Peacekeepers Guard Forgotten Transdnestr Base

ReutersA general driving in front of his troops in the self-proclaimed Transdnestr republic on the 13th anniversary of its "independence."
COLBASNA, Moldova -- General Boris Sergeyev has an unenviable task, one which has given him an almost permanent headache for six years.

In the self-proclaimed Transdnestr republic in Moldova, he is commander of Russian troops and charged with overseeing an uneasy peace between two sides in a conflict largely forgotten by the rest of the world.

He also has to remove thousands of tons of weapons from a Soviet-era military base in a corner of Transdnestr's countryside -- arms that are long past their sell-by date but could still fall into the wrong hands.

He wants clear orders, but political meddling means that he can rarely fulfill them if and when he gets them.

And despite the fact that life on the base is quiet for an experienced soldier, outside the noise of debate is deafening.

"Here there is a big responsibility for us: We represent Russia and guard a lot of weapons," Sergeyev said, sitting behind a giant desk overlooked by a youthful portrait of President Vladimir Putin.

"The order has been made to destroy or remove the arms, but because of reasons to do with the region we cannot at the moment complete it. We cannot carry out the weapons using our bare hands. We need rail wagons, platforms and trains."

Transdnestr, a Russian-speaking region in Romanian-speaking Moldova, declared independence before the fall of the Soviet Union but is not recognized by any country. Its hard-line, communist-inspired leaders want the Russians to stay, impeding its retreat, hopeful they will legitimize its self-styled identity as a separate state.

The West wants the Russians and their Soviet-era arms out. Moscow says the troops will leave but doubts remain over whether they will and thereby surrender its considerable influence in the region. Allegations of military corruption are rife.

For Sergeyev, it means no fun at all. "In the papers, they talk about arms getting into the hands of the Transdnestrians but that is rubbish," he said, his brow furrowing as he recalled the stories critical of the Russian troops' role.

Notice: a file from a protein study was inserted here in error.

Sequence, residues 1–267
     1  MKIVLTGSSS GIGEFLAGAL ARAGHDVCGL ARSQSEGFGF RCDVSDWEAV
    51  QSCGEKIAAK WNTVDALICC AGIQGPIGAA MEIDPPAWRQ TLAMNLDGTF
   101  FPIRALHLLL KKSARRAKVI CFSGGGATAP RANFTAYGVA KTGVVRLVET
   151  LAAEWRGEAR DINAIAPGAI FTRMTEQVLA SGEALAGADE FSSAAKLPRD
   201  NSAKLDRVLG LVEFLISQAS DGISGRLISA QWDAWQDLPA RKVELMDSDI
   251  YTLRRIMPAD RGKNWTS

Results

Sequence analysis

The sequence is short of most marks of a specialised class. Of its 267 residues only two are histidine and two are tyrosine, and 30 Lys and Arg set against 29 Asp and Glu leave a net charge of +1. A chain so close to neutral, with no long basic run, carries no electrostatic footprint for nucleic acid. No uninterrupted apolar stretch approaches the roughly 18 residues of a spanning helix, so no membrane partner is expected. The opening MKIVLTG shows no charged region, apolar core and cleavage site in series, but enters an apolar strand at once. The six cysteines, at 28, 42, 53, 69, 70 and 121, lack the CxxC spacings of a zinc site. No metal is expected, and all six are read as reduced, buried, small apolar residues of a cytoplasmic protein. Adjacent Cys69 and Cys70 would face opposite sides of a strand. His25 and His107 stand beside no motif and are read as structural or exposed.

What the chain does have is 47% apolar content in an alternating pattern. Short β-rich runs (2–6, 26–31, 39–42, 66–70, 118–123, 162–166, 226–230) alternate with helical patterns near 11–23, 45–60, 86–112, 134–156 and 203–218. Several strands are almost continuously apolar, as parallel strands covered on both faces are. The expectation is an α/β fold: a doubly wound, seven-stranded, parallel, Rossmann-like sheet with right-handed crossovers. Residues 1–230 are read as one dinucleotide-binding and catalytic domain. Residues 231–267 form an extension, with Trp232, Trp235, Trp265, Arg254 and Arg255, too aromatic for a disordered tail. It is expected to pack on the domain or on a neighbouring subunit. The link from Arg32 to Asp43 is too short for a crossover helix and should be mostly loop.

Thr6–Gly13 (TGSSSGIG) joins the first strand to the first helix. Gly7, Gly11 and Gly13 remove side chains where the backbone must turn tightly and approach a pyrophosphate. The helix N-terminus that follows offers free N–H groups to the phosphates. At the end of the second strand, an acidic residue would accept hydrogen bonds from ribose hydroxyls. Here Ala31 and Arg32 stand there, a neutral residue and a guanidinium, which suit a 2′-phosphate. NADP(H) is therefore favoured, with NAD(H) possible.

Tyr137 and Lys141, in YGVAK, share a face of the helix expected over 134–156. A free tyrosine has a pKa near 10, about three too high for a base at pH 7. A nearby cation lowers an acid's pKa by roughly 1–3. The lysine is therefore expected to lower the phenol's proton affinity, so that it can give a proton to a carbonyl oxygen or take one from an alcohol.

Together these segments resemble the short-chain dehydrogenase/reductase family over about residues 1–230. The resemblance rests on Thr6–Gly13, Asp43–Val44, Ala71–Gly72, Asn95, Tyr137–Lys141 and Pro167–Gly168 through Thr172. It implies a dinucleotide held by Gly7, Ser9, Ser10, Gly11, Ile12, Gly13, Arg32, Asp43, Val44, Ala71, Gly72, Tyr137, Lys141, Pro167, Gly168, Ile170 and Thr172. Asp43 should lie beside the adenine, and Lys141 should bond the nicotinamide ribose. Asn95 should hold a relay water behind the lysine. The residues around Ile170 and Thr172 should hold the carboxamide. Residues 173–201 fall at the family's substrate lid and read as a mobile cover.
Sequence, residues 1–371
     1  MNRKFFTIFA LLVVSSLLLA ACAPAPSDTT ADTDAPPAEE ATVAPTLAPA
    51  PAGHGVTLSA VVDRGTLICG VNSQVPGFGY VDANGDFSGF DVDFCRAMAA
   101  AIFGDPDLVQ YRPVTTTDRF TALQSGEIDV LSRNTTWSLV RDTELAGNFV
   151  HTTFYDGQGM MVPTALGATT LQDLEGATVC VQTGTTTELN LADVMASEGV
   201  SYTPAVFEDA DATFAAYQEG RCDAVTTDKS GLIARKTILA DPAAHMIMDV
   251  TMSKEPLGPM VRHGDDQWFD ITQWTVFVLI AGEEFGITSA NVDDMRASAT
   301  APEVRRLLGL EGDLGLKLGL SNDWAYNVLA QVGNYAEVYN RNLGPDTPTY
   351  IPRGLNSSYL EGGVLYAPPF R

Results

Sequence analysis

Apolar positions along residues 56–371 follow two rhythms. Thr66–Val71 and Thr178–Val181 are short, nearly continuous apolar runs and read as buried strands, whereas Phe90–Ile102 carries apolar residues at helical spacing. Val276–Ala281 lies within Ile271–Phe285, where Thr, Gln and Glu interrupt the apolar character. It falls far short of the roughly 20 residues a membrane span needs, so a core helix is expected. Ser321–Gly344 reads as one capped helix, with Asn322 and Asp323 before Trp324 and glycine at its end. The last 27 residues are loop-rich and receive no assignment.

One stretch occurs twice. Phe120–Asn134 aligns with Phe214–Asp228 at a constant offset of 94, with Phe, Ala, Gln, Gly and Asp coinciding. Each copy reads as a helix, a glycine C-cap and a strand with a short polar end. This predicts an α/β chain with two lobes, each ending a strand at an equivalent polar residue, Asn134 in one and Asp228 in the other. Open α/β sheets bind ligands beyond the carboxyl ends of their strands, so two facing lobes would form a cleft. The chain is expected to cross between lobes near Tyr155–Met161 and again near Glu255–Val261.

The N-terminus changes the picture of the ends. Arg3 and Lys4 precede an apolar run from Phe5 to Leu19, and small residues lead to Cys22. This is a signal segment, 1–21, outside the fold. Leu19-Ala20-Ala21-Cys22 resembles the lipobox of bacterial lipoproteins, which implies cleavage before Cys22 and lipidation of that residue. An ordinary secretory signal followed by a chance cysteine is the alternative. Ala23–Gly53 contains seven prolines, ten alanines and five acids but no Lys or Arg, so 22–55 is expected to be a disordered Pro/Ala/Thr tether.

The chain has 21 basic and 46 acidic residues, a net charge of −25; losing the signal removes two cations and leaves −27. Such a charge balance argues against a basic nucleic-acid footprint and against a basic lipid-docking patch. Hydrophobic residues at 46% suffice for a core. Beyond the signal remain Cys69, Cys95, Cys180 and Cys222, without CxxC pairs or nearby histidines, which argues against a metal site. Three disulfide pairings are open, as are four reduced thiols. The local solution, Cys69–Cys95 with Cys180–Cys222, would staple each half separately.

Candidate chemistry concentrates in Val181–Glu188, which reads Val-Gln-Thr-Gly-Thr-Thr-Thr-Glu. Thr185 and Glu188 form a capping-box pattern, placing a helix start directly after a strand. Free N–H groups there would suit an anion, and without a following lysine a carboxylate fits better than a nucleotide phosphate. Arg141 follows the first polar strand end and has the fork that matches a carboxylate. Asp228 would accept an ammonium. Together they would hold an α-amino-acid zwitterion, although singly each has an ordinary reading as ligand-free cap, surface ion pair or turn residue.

Built to arm a southern front between NATO and the Warsaw Pact, the Colbasna base is home to the largest arsenal in Europe and a focus for what has largely become a game to establish influence in a changing Europe. It looks unimportant and could be mistaken for a walled-in collective farm. Stuck in a far corner of Transdnestr, rarely a sound can be heard on base except from the odd cock or goose.

Russian soldiers cut and remove long grass to keep the base tidy and reduce the fire risk. They grow cucumbers, tomatoes and apples in neat gardens dotted around the expanse. Children sit alongside officers on duty at checkpoints and a yellow school bus is often seen wending its way through the well-kept lanes. "It's so quiet here. On your second night, you are woken by the silence," said Andrei Terentyev, deputy commander of the 14th Army, surveying the sprawling base.

Guards surrounding the base are told to shoot and ask questions later if a stranger gets too close to the barbed wire. But nestled in rolling green hills, row upon row of 240-millimeter-caliber mortars, Scud-like rockets and grenades look dangerously accessible. Some sit in fields surrounded by lightning rods, their wooden boxes slowly rotting. Other arms are kept in low white sheds, hidden from prying eyes.

The Russian army had just begun repatriating weaponry when Transdnestr staged a referendum and proclaimed independence in 1990, fearful that it might one day be forced to rejoin Moldova and eventually be swallowed whole by Romania to the West.

War between newly independent Moldova and Transdnestr separatists killed hundreds of people and injured thousands in 1992, with pitched battles on both sides of the Dnestr River. Russia stepped in to separate the sides and now patrols a crossing near the river to stop any movement of weapons or drugs.

Moscow initially promised to pull out its troops -- between 1,400 and 1,600 remain -- along with what is left of the 40,000 tons of arms by the end of 2002, with the priority being to keep them out of militants' hands.

But after encountering problems, the Organization for Security and Cooperation in Europe, which funds the withdrawal, extended the deadline until the end of this year. Time is running out.

"Sometime this month they should resume or else it will be physically impossible to get it all out," said William Hill, head of the OSCE mission to Moldova.

Russian officers say none of this is their fault. Sergeyev said the Transdnestr authorities have refused to help, citing Moscow's refusal to write off gas debts worth about $100 million and their hope that such a refusal will prompt Moldova to end an "economic war" against the region. And anyway, he reasons, why should they go?

"The peacekeepers should stay. There is no point sending more peacekeepers here. For what? To destabilize the situation," Sergeyev said, praising his men for a job well done. "And I will miss it if I have to go."